The original Ferrero Rocher TV commercials, conceived in Italy by the Ferrero Rocher in-house advertising people, Publiregia, filmed in Euroland and dubbed for the world, were gorgeous, trashy, utterly un-English and hugely successful. They added "Continental" edge to an affordable sweetmeat overwhelmingly given at Christmas. They were in the great tradition of Martini ads and Bond movies. In a Britain that was still nearer to Reg Varney and On The Buses than Cool Britannia when the first version came out, that meant wildly glamorous.
They were not - absolutely not - conceived by creatives with a NW1 and St Martin's sensibility working in an ironic mode. They don't do things like that in Euroland. They're not like us, you know.
It couldn't have been straighter - meaning it was old-fashioned aspirational advertising meant to show that people of high degree and great physical attractiveness held the foil-wrapped crunchy chocolatey balls very dear and served them at their grandest parties. You don't design big international campaigns to catch the Perrier Awards audience.
Those of us who liked the ads and the product in the first place but also saw its hilarious subtext were equally sincere. It was funny, it was OTT and it was glamorous, too. What would you rather have for Christmas chocs' advertising - Jo Brand and Jenny Eclair?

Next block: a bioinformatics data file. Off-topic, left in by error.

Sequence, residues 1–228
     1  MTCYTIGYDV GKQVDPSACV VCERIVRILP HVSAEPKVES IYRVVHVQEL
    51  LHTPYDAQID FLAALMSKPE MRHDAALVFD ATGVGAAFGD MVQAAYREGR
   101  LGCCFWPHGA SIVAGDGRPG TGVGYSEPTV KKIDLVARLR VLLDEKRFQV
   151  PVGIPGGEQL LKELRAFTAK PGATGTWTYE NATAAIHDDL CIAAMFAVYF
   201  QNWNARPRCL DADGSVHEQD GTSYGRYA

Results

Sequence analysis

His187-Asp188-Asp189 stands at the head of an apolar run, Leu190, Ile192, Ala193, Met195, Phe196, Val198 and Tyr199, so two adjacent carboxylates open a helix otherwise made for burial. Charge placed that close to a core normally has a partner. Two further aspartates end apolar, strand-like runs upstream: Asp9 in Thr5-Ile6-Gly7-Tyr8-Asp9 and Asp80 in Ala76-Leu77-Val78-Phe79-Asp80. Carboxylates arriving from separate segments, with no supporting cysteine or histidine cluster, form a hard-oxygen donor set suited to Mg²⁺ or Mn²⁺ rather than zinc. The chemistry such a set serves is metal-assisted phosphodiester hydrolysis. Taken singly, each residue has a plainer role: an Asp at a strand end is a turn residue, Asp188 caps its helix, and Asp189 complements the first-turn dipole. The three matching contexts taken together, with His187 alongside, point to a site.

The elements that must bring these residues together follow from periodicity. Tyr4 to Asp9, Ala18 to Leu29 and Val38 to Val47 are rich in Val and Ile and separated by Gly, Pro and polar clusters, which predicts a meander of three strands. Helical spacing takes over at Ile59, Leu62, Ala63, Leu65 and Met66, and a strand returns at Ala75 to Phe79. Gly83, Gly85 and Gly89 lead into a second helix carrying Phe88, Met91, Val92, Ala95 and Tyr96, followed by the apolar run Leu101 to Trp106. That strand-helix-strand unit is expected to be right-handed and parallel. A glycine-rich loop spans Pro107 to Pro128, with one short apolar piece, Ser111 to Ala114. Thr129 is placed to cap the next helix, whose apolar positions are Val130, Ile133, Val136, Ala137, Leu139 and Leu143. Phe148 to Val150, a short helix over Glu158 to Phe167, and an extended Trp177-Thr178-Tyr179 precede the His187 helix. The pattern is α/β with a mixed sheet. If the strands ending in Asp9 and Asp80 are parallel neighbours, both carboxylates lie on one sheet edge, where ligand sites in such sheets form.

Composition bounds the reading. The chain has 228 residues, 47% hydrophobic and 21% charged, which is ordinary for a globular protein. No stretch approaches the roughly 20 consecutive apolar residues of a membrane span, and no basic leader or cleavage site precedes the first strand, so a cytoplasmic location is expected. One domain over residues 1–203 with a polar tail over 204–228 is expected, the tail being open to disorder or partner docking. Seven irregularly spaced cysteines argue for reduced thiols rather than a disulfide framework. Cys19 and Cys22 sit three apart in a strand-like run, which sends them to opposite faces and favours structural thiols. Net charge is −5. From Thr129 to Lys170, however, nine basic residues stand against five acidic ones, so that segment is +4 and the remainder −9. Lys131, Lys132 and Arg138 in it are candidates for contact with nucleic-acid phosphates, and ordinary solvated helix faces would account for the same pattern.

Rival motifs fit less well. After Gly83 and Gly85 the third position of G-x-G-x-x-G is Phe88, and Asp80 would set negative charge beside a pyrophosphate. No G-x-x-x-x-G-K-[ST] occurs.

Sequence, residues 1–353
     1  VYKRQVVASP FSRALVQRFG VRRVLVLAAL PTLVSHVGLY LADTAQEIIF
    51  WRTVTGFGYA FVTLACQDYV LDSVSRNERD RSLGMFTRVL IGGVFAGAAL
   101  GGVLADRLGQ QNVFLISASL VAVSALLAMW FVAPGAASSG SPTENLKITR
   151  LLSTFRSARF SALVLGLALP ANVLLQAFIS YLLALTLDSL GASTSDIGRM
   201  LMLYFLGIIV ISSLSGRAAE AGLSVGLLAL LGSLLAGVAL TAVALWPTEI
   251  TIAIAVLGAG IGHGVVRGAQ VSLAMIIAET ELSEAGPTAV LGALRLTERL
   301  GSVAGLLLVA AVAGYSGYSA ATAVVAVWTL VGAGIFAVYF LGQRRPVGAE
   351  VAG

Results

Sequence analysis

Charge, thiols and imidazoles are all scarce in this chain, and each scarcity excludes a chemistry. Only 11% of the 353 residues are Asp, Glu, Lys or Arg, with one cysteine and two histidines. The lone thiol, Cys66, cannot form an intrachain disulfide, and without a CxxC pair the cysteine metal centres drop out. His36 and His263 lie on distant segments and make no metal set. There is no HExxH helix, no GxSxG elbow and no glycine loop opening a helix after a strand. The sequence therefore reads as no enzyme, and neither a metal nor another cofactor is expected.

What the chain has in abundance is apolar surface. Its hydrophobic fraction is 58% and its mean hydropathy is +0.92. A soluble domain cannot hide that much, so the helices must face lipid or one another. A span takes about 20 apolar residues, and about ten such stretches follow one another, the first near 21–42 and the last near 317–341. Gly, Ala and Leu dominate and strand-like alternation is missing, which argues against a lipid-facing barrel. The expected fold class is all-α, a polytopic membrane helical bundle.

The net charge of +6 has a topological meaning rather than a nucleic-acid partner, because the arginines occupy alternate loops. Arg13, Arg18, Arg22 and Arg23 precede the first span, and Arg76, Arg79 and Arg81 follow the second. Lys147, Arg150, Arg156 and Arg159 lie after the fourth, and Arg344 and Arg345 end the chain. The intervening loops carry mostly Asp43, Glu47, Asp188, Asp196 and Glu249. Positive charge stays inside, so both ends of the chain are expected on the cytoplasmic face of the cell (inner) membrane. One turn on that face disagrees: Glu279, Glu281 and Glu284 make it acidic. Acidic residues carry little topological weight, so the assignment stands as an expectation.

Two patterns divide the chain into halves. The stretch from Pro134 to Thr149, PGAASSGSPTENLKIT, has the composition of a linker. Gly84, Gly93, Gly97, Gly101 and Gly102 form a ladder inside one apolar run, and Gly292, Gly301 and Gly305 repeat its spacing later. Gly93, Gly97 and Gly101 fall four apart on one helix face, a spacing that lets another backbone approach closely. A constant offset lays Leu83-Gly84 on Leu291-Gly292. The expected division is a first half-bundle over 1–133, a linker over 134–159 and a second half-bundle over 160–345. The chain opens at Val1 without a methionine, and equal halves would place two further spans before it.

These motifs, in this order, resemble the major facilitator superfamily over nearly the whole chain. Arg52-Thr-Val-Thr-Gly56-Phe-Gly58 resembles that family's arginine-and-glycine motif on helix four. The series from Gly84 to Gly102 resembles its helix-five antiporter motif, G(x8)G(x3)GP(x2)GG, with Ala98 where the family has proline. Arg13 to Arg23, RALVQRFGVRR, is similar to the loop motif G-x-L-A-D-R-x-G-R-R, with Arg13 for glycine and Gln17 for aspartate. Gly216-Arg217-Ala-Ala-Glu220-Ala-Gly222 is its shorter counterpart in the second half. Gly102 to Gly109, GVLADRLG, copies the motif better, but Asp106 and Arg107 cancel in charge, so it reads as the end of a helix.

The Ferrero Rocher aesthetic - nouveaux Euro-trash, Monte Carlo funny money, Ivana Trump - reminds me of some amazing things we only glimpse here.
But now they have canned the glam ads. Tonight is the last night, a special showing; look your last on all things lovely.
Ferrero Rocher's British agency is running a new "humorous" commercial with a British suburban setting now, featuring a hostess who wants to keep all the chocs for herself.
No embassy backdrop, no butler, no pyramid of golden balls on a silver tray, no Bond-style beauties of all nations, no "you're spoiling us, Mr Ambassador". All swept away by the tide of history, to be replaced by... Abigail's Party.
I blame the Clive James tendency - the wish to trade in popular culture but show your middle-brow audience that you're miles above it and they can be too. Instant irony.
Ordinary people were forced to deny an innocent private pleasure for fear of being thought unsophisticated (and no doubt all this showed up in the UK research where people will have said the ad was old-fashioned, risible and "unreal").
But the fact is, spoil-sports, that gorgeous world exists; a few years ago at a party at the Italian Embassy I saw Joan Collins - a vision in that season's Versace - bid good night to the ambassador. I could swear she said: "You're spoiling us, Mr Ambassador."